Even in the obscuring twilight, and behind the lightly floating veil of snow, the Wanderer was clearly no more than a humble old tramp freighter. The most imaginative, the most romantic eye could have detected nowhere about her that lean grace, those sharply cleaving contours which the landsman looks for in a craft all set to embark upon a desperate adventure.
For the likes of her, the down-at-heels support of the Hoboken pier was plenty good enough. There, with others of her kind, she blended into the nondescript background of the unpretentious old town: she was camouflaged into a comfortable nonentity. There she was secure from any embarrassing comparison with the great lady-liners which lifted regal and immaculate prows into the shadows of skyscrapers on the distant, Manhattan side of the river.
Her crew knew that deep in her heart beat engines fit and able to push her blunt old nose ahead at a sweet fourteen knots, come Hell or high water. They knew too that surrounding her engines, and surrounding also that deep steel chamber which puzzled all of them and frightened not a few, was a staunch and solid hull. Landsmen, however, drawn to the waterfront by that nostalgia which ever so often stirs those whose lives are bound by little desks and brief commuter train rides, looked over her rusted, scaling flanks and sputtered ignorantly:
“Lord! They don’t call that a sea-going craft, I hope!”
Weston, though he had taxied to the waterfront bent upon a business in which nostalgia had no part, said exactly that and drew back the hand which had been about to pass over the fare from Forty-second Street and Broadway. After all, if he had mistaken the pier, it would be a foolish extravagance to let this pirate on wheels knock down his flag and so gain the right to add an extra fifteen cents to the return charge.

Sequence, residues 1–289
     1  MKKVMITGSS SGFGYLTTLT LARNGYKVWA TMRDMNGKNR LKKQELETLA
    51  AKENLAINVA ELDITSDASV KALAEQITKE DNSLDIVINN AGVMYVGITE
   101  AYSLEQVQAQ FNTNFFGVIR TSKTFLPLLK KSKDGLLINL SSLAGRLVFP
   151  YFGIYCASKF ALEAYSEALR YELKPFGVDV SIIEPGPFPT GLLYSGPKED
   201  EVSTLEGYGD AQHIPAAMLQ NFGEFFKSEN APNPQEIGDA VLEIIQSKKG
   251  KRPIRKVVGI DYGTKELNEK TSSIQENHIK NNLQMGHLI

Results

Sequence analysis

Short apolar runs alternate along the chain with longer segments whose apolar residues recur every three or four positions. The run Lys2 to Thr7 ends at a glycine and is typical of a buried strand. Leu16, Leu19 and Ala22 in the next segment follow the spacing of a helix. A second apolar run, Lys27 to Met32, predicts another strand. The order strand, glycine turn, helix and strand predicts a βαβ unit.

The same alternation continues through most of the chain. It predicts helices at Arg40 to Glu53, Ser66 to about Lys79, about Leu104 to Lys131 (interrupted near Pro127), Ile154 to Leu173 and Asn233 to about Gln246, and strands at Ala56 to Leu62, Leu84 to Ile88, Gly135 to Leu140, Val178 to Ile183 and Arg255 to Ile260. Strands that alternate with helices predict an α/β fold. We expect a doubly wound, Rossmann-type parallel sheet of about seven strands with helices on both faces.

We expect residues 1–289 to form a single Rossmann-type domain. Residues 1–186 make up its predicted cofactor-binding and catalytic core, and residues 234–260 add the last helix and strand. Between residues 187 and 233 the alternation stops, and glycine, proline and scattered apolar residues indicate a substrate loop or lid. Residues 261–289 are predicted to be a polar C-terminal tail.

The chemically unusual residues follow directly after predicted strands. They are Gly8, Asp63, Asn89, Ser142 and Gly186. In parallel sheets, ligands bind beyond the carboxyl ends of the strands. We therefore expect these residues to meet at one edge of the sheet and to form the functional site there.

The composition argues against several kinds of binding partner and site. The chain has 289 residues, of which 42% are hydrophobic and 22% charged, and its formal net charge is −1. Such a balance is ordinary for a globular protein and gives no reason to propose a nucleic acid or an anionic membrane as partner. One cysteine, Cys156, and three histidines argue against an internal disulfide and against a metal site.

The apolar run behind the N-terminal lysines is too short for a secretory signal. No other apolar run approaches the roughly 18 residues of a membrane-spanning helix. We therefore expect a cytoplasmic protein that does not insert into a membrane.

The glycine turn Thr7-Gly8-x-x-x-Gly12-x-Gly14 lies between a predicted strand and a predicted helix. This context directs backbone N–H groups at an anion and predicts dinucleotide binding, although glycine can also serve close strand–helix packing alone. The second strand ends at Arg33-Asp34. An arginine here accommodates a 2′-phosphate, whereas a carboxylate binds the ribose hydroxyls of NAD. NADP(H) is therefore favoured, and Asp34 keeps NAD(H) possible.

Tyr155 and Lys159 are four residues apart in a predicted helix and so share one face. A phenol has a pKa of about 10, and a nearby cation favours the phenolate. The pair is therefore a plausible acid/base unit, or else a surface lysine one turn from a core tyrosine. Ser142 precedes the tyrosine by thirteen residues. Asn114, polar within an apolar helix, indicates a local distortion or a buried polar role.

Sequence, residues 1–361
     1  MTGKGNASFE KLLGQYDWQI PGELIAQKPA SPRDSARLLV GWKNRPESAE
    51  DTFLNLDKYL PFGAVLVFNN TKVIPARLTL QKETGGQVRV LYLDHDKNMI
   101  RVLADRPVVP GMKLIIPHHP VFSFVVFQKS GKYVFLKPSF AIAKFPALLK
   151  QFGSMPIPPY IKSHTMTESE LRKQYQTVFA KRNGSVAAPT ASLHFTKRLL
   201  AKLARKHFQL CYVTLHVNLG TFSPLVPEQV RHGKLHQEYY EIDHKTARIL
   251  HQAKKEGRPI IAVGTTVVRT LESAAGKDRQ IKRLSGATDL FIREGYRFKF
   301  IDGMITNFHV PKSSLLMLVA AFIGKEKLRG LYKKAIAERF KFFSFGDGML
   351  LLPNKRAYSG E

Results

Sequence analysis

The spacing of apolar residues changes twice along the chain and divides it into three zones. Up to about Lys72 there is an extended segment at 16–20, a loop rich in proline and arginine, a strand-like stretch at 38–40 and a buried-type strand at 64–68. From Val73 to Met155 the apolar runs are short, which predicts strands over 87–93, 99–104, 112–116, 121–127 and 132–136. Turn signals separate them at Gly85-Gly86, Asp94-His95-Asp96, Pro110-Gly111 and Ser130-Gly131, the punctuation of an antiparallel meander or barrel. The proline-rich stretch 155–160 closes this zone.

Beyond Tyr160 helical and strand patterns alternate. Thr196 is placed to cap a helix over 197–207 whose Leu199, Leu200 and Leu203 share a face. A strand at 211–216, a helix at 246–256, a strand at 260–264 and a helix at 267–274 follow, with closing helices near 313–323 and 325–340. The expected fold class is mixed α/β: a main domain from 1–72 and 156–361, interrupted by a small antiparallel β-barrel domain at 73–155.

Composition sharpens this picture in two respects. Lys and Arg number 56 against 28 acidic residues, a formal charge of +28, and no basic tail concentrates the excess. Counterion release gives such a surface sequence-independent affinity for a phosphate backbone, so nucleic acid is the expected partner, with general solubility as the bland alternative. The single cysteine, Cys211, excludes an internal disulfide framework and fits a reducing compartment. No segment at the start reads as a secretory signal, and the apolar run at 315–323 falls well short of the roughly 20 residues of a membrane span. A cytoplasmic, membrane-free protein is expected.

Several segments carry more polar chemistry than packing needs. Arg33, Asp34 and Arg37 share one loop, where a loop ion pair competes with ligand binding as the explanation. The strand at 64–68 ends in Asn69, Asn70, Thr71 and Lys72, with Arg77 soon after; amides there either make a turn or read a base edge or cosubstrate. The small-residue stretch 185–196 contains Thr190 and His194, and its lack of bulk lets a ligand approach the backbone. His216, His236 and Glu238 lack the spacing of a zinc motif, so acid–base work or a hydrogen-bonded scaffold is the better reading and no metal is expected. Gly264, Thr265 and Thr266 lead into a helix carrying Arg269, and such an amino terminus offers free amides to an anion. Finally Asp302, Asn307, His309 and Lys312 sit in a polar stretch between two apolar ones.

Hanging tightly to his money, he lumbered out of the taxi with that short-winded dignity which marks the fat man of fifty-odd. In the same moment, an old watchman poked a cold red nose around the corner of a warehouse.
Weston hailed him:
“Hi, Cap! Is that the moving picture ship?”
Only after the cold red nose had bobbed assent did Weston pass over the cab fare, and even then there was a glint of suspicious doubt in his eye. Still hardly more than half satisfied that he had not mistaken the rendezvous, he scuffed through the light fall of snow to the Wanderer’s gangway.
“ ’re you another one agoin’ on this crazy voyage?” the old watchman demanded suddenly from the gloomy shadow of the warehouse.
“Crazy?” Weston swung around the more quickly because the adjective bolstered a conviction that had been growing in his own mind. “What’s crazy about it?”
“Well, for one thing, the feller that’s bossin’ it.”
“That’s him! A feller that if he wants a picture of a lion’ll walk right up and tell it to look pleasant. If that ain’t crazy, I want to know?”
Weston chuckled. That wasn’t so far from his own estimate of the doughty director of the Wanderer’s destinies.
“He’s a tough egg, all right,” he agreed. “But why the talk about this voyage being crazy?”
“Because it is, that’s why.”
The watchman emerged from his snug, protected niche the better to pursue the conversation.